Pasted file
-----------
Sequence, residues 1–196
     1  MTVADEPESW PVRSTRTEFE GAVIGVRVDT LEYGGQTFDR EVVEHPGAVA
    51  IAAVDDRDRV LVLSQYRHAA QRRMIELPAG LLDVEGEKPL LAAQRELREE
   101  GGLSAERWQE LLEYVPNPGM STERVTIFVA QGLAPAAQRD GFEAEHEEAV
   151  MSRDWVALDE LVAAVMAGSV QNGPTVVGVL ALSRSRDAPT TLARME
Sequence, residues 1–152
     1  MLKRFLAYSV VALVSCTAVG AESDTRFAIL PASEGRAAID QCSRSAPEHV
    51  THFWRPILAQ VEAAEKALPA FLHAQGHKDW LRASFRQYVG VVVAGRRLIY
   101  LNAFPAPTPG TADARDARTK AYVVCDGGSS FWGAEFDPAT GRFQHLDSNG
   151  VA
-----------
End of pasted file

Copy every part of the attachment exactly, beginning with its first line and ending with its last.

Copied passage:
Sequence, residues 1–196
     1  MTVADEPESW PVRSTRTEFE GAVIGVRVDT LEYGGQTFDR EVVEHPGAVA
    51  IAAVDDRDRV LVLSQYRHAA QRRMIELPAG LLDVEGEKPL LAAQRELREE
   101  GGLSAERWQE LLEYVPNPGM STERVTIFVA QGLAPAAQRD GFEAEHEEAV
   151  MSRDWVALDE LVAAVMAGSV QNGPTVVGVL ALSRSRDAPT TLARME
Sequence, residues 1–152
     1  MLKRFLAYSV VALVSCTAVG AESDTRFAIL PASEGRAAID QCSRSAPEHV
    51  THFWRPILAQ VEAAEKALPA FLHAQGHKDW LRASFRQYVG VVVAGRRLIY
   101  LNAFPAPTPG TADARDARTK AYVVCDGGSS FWGAEFDPAT GRFQHLDSNG
   151  VA